In 1774, writer, journalist, composer, and organist Christian Daniel Friedrich Schubart (1739–1791) began publication of the periodical Deutsche Chronik, which appeared twice weekly. In 1777, after having insulted Franziska von Hohenheim, the mistress (and later second wife) of Carl Eugen, Duke of Württemberg, Schubart was incarcerated in Hohenasperg fortress in Württemberg. He remained confined there until 1787. Although the Chronik continued to appear in 1778 (now as the Teutsche Chronik), publication seems to have been suspended after that point. Schubart resumed publication of the periodical in July 1787 after his release, initially under the title Schubarts Vaterländische Chronik, then Vaterlandschronik (1788–1789), then simply Chronik (1790–1791).
Schubart died on 10 Oct 1791, as reported by his son Ludwig in the issue of 11 Oct. Ludwig promised to continue publication of the Chronik “nach dem bisherigen Plan und im bisherigen Tone” (“according to the previous plan and tone”); true to his promise, the periodical continued to appear through at least the end of 1792 under the title Fortgesezte Schubart’sche Chronik.
The notice of Mozart’s death transcribed above is thus very likely by Ludwig Schubart. However, the reference to “Polihimnia’s Liebling” is wholly in his father’s style: in fact, his father had used that very phrase in 1784 in a laudatory ode to his jailer Carl Eugen, apparently intended to be read from the stage in Stuttgart on the occasion of Carl Eugen’s name day, 4 Nov 1784 (the feast of Carlo Borromeo); the ode seems not to have hastened Schubart’s release.
In ancient Greek mythology, Polyhymnia was the Muse of sacred poetry and hymns. References to Polyhymnia are not infrequent in Schubart’s writings. In the Chronik of 19 Nov 1790, for example, in describing the festivities in Heilbronn at the time of the coronation of Leopold II, Schubart refers to music composed by “D. Weber, ein Liebling der Polyhymnia, wie der Hygäa” (“Dr. Weber, a favorite of Polyhymnia, as well as Hygieia”), probably referring to the medical doctor Friedrich August Weber (1753–1806), an amateur composer.
Like many early notices of Mozart’s death, the one in the Chronik is not very accurate. Mozart was a little over 35 years and 10 months old at the time of his death, not 34, as stated in the Chronik. This error in Mozart’s age and the perplexing reference to “vier Quartetten” (four quartets) as his final compositions are in fact found together in several other early German and English notices of Mozart’s death. (See the notices in the Freytägige Frankfurter Kaiserl. Reichs-Ober-Post-Amts-Zeitung on 16 Dec 1791 and the Musikalische Korrespondenz on 28 Dec 1791, given in Neue Folge, 76 and 77–78. On 24 Dec 1791, the English Morning Post and Daily Advertiser reported Mozart’s death, giving his age as 36, but referring to “four pieces” completed just before his death; see our entry “Notices of Mozart’s death in various English periodicals”.) “Four quartets” seems to be a garbled reference to the impending publication by Artaria in Vienna in late Dec 1791 of the three “Prussian” quartets, K. 575, K. 589, and K. 590, which, however, Mozart had actually composed in 1789 and 1790.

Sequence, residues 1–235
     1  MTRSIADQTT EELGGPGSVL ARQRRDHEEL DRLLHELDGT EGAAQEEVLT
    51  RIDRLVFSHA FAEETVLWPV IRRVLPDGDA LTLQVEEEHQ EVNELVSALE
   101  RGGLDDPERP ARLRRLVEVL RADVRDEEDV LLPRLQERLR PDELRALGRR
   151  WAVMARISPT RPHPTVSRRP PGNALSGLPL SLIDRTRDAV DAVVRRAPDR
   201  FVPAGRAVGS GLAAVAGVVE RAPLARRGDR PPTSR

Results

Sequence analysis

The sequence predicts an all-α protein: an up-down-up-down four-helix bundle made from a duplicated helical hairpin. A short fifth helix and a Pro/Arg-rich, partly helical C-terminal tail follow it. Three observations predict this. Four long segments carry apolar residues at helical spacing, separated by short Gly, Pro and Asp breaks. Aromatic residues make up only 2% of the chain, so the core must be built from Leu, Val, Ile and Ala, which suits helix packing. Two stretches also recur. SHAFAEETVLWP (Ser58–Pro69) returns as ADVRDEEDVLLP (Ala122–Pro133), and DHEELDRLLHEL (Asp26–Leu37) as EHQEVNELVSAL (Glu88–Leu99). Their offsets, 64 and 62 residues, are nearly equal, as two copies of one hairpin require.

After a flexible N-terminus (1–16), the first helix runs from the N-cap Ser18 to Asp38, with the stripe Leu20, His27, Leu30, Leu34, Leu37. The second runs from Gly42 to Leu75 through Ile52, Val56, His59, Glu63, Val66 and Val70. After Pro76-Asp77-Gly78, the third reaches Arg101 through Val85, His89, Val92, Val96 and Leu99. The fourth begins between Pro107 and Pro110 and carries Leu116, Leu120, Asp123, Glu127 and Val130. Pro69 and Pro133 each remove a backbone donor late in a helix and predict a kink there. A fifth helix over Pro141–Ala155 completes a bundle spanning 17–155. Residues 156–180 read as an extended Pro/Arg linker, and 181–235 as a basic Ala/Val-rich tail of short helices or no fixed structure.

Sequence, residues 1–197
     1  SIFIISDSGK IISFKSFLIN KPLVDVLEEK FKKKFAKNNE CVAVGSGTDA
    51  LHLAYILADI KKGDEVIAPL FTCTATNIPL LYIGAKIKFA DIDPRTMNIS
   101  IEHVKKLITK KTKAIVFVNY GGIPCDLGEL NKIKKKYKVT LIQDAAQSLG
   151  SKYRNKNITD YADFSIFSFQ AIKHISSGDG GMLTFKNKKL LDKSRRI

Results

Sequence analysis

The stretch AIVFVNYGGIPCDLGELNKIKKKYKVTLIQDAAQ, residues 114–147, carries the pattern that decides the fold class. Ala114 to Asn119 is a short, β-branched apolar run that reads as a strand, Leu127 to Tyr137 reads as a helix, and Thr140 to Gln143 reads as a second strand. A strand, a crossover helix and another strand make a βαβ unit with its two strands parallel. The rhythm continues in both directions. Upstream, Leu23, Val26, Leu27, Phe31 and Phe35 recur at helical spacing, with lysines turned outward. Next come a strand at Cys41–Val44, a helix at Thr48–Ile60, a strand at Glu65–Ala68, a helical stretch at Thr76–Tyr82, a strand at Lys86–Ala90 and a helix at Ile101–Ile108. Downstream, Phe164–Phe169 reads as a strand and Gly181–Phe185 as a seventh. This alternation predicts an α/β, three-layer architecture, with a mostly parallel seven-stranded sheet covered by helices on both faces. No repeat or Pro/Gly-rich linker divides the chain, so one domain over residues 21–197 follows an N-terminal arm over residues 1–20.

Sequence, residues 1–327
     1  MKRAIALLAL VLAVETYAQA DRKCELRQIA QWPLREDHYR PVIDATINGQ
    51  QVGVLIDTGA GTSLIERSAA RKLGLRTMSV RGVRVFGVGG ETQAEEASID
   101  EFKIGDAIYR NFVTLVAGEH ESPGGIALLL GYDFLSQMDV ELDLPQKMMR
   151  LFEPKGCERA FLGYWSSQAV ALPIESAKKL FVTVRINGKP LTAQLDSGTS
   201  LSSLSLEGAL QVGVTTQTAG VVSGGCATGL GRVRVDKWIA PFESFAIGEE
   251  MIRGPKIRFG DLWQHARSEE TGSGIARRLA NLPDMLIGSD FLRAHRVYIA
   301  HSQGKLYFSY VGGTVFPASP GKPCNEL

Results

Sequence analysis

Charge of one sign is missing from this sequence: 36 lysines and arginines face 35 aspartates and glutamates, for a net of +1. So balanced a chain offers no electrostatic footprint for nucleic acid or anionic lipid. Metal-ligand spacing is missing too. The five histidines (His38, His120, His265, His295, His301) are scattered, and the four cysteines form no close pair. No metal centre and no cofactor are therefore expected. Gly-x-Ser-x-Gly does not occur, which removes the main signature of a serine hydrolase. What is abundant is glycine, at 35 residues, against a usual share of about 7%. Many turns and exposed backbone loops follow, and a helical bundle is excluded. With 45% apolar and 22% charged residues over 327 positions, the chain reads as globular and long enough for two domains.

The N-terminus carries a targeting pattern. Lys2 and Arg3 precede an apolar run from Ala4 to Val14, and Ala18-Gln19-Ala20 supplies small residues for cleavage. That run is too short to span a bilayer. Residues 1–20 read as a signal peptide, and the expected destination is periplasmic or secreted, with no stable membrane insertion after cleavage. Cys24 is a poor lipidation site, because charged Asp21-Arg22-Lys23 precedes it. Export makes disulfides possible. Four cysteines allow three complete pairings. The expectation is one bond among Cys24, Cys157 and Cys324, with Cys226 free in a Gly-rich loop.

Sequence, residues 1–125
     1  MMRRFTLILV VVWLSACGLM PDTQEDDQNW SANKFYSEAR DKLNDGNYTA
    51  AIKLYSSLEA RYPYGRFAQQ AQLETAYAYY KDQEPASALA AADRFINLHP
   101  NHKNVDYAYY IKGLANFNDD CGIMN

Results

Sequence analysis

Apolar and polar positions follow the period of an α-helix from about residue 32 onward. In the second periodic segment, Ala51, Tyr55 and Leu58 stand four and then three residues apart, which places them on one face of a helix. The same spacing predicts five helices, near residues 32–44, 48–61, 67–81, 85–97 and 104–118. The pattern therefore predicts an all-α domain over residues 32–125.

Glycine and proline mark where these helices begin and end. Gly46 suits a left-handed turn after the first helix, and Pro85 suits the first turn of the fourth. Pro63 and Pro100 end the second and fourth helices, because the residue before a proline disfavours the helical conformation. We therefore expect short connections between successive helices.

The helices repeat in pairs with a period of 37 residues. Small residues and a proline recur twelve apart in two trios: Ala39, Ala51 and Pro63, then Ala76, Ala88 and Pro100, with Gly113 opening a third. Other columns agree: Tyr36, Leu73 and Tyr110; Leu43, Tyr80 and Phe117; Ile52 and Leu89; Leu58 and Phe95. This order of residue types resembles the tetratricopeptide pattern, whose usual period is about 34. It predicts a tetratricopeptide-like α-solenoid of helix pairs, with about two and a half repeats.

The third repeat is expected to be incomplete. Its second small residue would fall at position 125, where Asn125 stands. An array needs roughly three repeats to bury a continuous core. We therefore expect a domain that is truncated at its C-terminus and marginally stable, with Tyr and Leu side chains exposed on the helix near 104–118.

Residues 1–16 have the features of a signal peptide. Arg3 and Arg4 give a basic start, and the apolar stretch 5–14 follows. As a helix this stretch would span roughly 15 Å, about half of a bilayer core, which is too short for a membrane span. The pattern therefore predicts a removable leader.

In a passage omitted from the transcription here, the Chronik also notes the death in 1791 of “Präsident v. Hagen”. This apparently refers to Johann Hugo Freiherr von Hagen (see note 7 here), member of the Reichshofrat from 1735, its vice president from 1754, and its president from 1778. He died on 24 Nov 1791 in Vienna.
Mozart’s death is mentioned again in the Chronik (now the Fortgesezte Schubart’sche Chronik) in the issue of 13 Mar 1792, in a note following a report on the unexpected death of Emperor Leopold II on 1 Mar. The note reads:
Schon das vorige Jahr war ein Gerichtsjahr für
außerordentliche Menschen, denn da starben die: Mi=
rabeau, Potemkin, Michaelis, Karschin, Schubart,
Tischbein, Mozard, Semmler, Gemmingen, Born,
Pichler; soll dieses neue Jahr auch so fürchterlich un=
ter Geister greifen? [Chronik, 13 Mar 1792, 165]
Last year was already a year of judgment for
extraordinary people, for among the dead were:
Mirabeau, Potemkin, Michaelis, Karsch, Schubart,
Tischbein, Mozart, Semler, Gemmingen, Born,
Pichler; will this new year also grasp so
dreadfully among the great minds?
Besides Mozart, the famous names mentioned here are:
Honoré Gabriel Riqueti, comte de Mirabeau (1749–1791), orator
Prince Grigory Potemkin (1739–1791), Russian military leader and statesman
Johann David Michaelis (1717–1791), theologian and Biblical scholar
Anna Louisa Karsch (1722–1791), poet
Christian Daniel Friedrich Schubart (1739–1791)
Johann Jacob Tischbein (1725–1791), painter (the “Lübecker Tischbein”)
Johann Salomo Semler (1725–1791), theologian
Eberhard Friedrich von Gemmingen (1726–1791), poet, composer, politician
Ignaz von Born (1742–1791), prominent Freemason
Giovanni Pichler (1734–1791), gem engraver